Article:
Ask Clay Richardson, a Forrester analyst, about how to make the most of big data and you will hear his favorite mantra: Big data demands big process. The implication of that statement is that big data can’t just be allowed to “happen,” Richardson says. Planning and technology need to be brought to bear if you are going to wring the benefits out of all of that data. In particular, big and powerful tools are going to be mandatory.
One element of that response, according to Richardson and others, should be business process management (BPM), which can be used to streamline the data handling process and add intelligence to the management of big data. Richardson says BPM can help turn data into visualizations rapidly enough to give data immediate value to business end users. And, he notes, BPM is a business-friendly approach to handling the big data challenge that requires less hands-on help from IT.
BPM has been widely embraced in recent years for its ability to tame and organize processes. A BPM system (or BPM software) embodies this philosophy and the terms are often used to describe a way of managing business processes and connecting people, business functions, and applications.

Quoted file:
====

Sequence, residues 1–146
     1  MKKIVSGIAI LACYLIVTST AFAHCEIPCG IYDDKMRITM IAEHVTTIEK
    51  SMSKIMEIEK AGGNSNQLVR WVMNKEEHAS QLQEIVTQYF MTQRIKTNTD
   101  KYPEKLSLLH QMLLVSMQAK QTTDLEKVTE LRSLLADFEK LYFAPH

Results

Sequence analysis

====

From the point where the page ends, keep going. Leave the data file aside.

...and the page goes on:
In the vision described by BPM proponents, a marketing department intent on parsing useful information from clickstream data and company social media activities might choose to lean on a BPM system as its big data manager. The BPM system, in conjunction with analytic tools, could help plow through big data rapidly and with more automation than is often the case. A particular process of interest could be graphically represented by a business user and then quickly turned into an executable function allowing specific customer activities (or a series of activities) to be identified and reported to a sales professional—or combined with CRM data to help enhance sales force effectiveness.
Although some organizations might find a more “hard-wired” approach to big data useful, for instance where the input is not expected to vary substantially or where responses are likely to be calibrated within a known range. However, say proponents, for others looking to be more adaptive and agile, BPM can be a perfect starting point.
BPM Not an Answer by Itself
Richardson points out that BPM alone won’t solve all the problems. Enterprises employing BPM in this context will still need to address data quality and a master data management (MDM) system should be set up to work hand-in-glove with BPM.
Michele Cantara, Gartner’s vice president for BPM, envisions a similar approach to deploying a BPM system to support companies working with big data analytics. She says having big data without being able to continually put the data in context means you really have just a “bunch of stuff” rather than actionable information.
“BPM is important because it puts the data into a process context and in the context in which the work is being done. That means you can make better decisions and perform informed analysis,” she says.